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On Wednesday night, I wrung my hands, sweating, throughout the entire 15 minutes and felt like a lark myself, like I do every time I hear it. And I could hear sniffing around me, and it was played so softly at times, that I could almost not hear it – and you can’t hear it on the Radio 3 recording for this reason, but when I was there, I could feel it – feel the waves on my goosebumps. Static and ecstatic. I’m due to hear it again in November when my friend, a professional violinist, will be playing it at a remembrance event.

I should probably invite along the two old ladies who sat next to me at the Proms; they slept through the whole, bloody thing.

Britain as Idyllic Before WW1? Far From It!

From Michael Gove to Michael Morpurgo, everybody seems to be commenting on the Great War of 1914-1918, as the press begins its countdown to the first day of the centenary of this world event – 28th July 2014. Gove’s most recent claim that the media, the government, the education system and the public’s opinion of WWI as a ridiculous and futile war is an opinion that has been tirelessly shaped by left-wingers is hot news on the press at this time, with Tony Robinson aka Baldrick in Blackadder hitting back.

Blackadder_Tony Robinson

I studied First World War literature, and inevitably the war, during my A-Levels, and at 27 have already twice visited the trenches and battle sites of Belgium and France in my life. I’m guessing Gove has also studied the same literature to some degree. Whatever your opinion is of pig-headed generals, men being used as machine gun fodder, court martials etc, it can’t be denied that it’s not just post-war media, like Blackadder and Oh! What a Lovely War that has built this impression of the war, but the first-hand literature and accounts that came directly from the days of the war itself – on which these iconic titles have been based. And which Gove himself probably studied at some point during his education.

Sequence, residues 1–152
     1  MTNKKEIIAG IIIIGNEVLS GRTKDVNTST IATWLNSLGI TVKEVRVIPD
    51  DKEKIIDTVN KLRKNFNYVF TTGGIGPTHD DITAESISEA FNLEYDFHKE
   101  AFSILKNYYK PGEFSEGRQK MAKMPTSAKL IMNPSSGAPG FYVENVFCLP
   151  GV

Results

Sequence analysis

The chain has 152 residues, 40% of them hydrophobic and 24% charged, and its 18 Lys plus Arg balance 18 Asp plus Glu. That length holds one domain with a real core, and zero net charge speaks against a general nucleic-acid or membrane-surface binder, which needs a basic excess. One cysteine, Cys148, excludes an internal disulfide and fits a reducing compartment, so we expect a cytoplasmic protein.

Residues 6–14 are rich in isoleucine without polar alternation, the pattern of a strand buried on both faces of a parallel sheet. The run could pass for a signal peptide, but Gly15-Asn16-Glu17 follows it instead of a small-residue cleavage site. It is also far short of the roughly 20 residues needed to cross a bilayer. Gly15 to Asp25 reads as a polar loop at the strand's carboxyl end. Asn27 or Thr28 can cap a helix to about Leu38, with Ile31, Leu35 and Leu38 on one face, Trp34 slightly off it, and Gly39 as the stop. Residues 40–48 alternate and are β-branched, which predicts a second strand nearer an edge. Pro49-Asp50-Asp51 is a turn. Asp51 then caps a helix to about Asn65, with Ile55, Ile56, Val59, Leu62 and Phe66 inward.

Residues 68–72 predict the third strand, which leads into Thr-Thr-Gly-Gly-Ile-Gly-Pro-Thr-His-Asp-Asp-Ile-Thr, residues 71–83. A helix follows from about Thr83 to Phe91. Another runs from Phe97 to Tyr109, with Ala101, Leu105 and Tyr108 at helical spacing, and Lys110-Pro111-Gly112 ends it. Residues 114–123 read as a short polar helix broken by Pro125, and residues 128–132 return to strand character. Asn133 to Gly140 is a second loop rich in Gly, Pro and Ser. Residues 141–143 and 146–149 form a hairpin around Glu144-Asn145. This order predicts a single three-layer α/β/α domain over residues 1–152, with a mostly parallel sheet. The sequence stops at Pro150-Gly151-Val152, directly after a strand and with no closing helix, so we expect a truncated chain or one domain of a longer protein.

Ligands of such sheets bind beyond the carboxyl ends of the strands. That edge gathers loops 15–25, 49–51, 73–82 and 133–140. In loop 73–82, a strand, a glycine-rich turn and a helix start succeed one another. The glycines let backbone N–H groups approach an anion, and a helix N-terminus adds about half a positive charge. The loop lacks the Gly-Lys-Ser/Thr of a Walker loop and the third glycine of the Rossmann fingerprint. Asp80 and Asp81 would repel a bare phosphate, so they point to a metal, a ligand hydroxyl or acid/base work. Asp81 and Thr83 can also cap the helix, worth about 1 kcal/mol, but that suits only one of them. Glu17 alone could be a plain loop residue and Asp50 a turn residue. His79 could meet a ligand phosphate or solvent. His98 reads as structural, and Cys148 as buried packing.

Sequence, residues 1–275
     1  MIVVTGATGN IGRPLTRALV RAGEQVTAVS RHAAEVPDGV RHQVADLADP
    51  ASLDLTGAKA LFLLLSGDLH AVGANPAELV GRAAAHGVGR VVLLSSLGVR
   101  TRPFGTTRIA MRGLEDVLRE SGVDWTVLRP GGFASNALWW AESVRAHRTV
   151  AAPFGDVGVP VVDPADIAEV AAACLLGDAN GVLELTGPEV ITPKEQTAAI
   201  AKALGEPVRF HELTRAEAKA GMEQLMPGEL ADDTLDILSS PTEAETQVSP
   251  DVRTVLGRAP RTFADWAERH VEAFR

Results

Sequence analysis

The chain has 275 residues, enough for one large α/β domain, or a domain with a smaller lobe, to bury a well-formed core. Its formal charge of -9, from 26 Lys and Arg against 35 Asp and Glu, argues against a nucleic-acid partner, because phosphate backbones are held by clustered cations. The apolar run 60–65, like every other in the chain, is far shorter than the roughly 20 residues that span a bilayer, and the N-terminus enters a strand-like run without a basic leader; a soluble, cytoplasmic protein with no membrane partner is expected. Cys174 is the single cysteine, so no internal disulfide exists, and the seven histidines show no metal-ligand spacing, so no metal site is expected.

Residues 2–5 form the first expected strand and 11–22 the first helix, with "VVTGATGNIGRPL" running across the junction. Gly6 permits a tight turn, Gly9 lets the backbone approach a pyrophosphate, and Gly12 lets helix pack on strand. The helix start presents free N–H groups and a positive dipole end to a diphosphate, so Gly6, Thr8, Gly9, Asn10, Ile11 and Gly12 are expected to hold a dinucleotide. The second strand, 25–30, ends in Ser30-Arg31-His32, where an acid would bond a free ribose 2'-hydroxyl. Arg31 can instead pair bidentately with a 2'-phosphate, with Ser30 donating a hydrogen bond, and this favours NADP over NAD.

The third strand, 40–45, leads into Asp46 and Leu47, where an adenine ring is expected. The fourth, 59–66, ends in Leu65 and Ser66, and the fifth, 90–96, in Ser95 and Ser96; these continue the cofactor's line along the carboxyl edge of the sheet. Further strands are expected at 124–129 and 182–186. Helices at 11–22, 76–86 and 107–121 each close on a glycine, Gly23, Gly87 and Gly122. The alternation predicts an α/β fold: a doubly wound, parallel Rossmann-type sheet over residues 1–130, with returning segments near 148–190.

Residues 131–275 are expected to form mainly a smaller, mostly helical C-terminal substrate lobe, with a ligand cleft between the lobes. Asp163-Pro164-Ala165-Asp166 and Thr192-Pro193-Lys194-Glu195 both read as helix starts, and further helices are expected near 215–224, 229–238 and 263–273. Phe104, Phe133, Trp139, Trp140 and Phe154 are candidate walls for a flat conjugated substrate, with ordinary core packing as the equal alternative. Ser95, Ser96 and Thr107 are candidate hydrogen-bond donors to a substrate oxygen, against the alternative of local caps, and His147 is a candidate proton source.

Oh What a Lovely War

Still, I’m open to alternative interpretations about the war, and aim to read some books on this subject in the future, such as Forgotten Victory: The First World War – Myths and Realities by Gary Sheffield, though I find it hard to see how the statistics can prove anything but futility; with 60,000 British casualties, 20,000 of whom died, on the first day of the Battle of the Somme in July 1916, the British army obviously appreciates its soldiers more today, with what seems like every individual British death from modern wars reported in the British news.

But there’s something else I’ve noticed that seems to be cropping up in the press and that’s the apparent, idyllic ignorance of Britain before 1914.

Yes, this time 100 years ago, Britain was unaware of the atrocities that war could and would bring in the very near future, having been accustomed only to guerilla warfare in the Boer and Crimean Wars – way before the birth of Weapons of Mass Destruction during WWI. Yes. Britain was ignorant – but it definitely wasn’t idyllic. In 1913, it seems that 25% of Britons were living in poverty, which would explain why so many men initially rushed to sign up for the army when war broke out – they’d get an income, clothing and a regular meal. And it wasn’t just these men who were excited about war, nor just the rest of the country: in fact, it seemed as though the whole of Europe was ready for a war and a revolution, which may be a reason why many countries jumped on the bandwagon. Though the Suffrage Movement was put on hold until the end of the war to the dismay of many, most of Britain welcomed this apparent path to a political revolution in their country which a war would surely bring about.